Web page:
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LITTLE ROCK, Arkansas, January 12, 2016 (LifeSiteNews) – An Arkansas judge has extended an order blocking enforcement of two pro-life laws enacted last year.

In December, U.S. District Court Judge Kristine Baker ordered a two-week delay of implementation of an admitting privileges law for abortionists, as well as a requirement for medication abortions to require six, not four, doses.

According to the St. Louis Post-Dispatch, Baker wrote that the requirement for abortionists to use the extra doses in line with Food & Drug Administration standards “does not appear to be the current standard of care.” She also concluded that a requirement to have only doctors with admitting privileges at nearby hospitals conduct medication abortions “would result in an undue burden and have the effect of placing a substantial obstacle in the path of a woman's right to choose to have an abortion of a nonviable fetus.”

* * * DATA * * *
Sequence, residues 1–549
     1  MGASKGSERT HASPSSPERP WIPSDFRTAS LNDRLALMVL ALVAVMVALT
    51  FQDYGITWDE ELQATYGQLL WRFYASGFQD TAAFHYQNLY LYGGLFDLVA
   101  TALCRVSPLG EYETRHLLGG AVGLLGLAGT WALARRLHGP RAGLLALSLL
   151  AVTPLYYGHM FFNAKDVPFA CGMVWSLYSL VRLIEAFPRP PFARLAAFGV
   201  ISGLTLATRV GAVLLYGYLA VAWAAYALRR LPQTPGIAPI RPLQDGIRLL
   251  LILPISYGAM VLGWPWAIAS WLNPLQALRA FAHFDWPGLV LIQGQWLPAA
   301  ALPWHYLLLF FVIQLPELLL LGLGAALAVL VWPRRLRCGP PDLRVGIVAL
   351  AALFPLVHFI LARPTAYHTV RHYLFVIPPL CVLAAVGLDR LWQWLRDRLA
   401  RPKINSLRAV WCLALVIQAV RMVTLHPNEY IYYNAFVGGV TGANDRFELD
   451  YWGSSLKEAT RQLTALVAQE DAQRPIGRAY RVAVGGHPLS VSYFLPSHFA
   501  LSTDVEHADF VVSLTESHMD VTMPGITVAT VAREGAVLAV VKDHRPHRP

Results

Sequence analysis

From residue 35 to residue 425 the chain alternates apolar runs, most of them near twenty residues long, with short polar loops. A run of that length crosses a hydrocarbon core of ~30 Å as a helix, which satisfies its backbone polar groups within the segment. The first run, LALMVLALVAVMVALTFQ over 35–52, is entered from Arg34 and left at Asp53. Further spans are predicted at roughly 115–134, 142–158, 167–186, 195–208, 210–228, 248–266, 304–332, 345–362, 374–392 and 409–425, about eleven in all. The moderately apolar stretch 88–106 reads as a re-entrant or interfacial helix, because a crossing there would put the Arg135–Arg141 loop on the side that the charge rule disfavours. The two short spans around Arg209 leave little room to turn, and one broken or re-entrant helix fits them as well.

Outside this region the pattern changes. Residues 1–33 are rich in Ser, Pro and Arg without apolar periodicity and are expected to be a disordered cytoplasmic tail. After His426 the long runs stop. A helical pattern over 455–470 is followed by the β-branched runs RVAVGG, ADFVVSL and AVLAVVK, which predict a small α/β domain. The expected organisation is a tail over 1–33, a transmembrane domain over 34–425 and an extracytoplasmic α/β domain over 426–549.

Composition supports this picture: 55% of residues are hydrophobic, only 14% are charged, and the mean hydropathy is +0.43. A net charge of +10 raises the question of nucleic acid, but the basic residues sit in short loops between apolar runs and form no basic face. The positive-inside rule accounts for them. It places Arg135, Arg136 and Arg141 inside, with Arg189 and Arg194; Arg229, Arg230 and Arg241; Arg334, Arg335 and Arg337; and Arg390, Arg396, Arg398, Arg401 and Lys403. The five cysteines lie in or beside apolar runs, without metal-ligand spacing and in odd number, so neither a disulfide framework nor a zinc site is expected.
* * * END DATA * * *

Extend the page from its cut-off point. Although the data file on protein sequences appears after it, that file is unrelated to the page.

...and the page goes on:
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The block has now been extended from January 14 to March 14, by request of both the state and Planned Parenthood of the Heartland.

In its lawsuit, Planned Parenthood says the two extra doses for medication abortions both are unnecessary and increase the cost of getting an abortion. They also say they have not been able to find doctors who will contract with them to conduct the abortions in line with the admitting privileges standards.